1902 Encyclopedia > Algeria > Algeria - Animals

(Part 5)

Algeria: Animals

The animal kingdom presents little calling for notice. Lions, formerly very plentiful, are now extremely rare; leopards, panthers, jackals, and hyaenas are still common; and monkeys and apes are numerous. The wild boar is found in the oak forests, and the brown bear in the higher parts of the country. There are also various species of antelope. Of the feathered tribes, eagles, vultures, hawks, and owls are common; snipes, curlews, plovers, storks, and herons frequent the marshy parts; and the ostrich has its habitat in the desert. Among the reptiles are various species of serpents, tortoises, turtles, lizards, &c.

Barbary Macaque Monkey image

The Barbary Macaque Monkey (Macaca sylvanus)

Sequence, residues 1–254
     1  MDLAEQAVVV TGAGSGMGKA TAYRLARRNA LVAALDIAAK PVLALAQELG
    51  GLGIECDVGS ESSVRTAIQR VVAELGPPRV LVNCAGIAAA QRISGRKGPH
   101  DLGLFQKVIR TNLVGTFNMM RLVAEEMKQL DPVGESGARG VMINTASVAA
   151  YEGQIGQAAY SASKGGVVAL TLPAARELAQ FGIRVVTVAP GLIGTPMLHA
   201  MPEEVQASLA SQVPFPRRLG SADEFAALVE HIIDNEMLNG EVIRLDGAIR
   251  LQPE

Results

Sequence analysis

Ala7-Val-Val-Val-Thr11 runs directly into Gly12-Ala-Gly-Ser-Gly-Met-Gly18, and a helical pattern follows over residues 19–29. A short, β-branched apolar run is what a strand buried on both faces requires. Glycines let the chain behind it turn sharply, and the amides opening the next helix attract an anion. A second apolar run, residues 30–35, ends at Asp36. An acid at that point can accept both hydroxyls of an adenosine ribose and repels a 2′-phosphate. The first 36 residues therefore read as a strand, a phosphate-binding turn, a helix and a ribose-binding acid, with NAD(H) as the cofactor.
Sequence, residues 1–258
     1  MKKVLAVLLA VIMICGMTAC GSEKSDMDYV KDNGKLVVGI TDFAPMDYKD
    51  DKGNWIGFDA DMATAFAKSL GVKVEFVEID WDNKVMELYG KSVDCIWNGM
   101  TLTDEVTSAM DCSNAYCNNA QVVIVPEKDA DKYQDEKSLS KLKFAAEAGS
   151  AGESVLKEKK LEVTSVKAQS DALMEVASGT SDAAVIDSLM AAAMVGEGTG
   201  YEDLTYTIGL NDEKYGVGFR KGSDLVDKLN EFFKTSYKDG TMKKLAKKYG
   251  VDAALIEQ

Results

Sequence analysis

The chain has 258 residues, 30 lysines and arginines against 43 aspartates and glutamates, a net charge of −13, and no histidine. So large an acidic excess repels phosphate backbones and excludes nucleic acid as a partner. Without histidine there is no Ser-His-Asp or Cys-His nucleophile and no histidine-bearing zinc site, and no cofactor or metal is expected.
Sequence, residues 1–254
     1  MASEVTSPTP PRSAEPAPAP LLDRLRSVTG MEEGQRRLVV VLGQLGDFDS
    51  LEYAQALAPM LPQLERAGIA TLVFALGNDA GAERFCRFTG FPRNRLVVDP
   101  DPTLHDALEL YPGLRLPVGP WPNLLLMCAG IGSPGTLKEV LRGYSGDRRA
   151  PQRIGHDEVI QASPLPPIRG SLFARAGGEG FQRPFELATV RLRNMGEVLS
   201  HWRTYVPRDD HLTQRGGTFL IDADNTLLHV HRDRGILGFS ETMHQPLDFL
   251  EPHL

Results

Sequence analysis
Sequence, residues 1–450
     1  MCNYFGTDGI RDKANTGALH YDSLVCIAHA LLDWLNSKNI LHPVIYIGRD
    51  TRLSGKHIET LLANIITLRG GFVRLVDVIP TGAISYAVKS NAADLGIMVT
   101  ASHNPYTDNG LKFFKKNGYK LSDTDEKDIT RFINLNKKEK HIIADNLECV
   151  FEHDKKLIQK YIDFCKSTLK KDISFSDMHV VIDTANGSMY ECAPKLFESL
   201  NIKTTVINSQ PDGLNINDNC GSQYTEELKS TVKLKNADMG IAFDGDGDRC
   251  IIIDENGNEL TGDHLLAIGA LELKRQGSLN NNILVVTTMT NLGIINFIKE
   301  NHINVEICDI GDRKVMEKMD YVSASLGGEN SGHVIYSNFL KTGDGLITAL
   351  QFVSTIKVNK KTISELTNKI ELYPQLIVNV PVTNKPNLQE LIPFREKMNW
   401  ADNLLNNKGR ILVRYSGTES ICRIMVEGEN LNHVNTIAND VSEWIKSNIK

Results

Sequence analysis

of Algeria and Morocco

Locusts are common, and sometimes do great damage to the crops. One of the severest invasions of these pests ever known occurred in 1866, when the crops were nearly all destroyed, and the loss sustained by the colonists was estimated at £800,000.

The coast is rich in coral and sponges, and the obtaining of these forms a considerable branch of industry.

The chief wealth of most of the Arab tribes consists in their sheep, of which they frequently possess immense flocks; camels are also common, but the horses and mules are more esteemed, and are noted for their excellence.

Read the rest of this article:
Algeria - Table of Contents

About this EncyclopediaTop ContributorsAll ContributorsToday in History
Terms of UsePrivacyContact Us

© 2005-23 1902 Encyclopedia. All Rights Reserved.

This website is the free online Encyclopedia Britannica (9th Edition and 10th Edition) with added expert translations and commentaries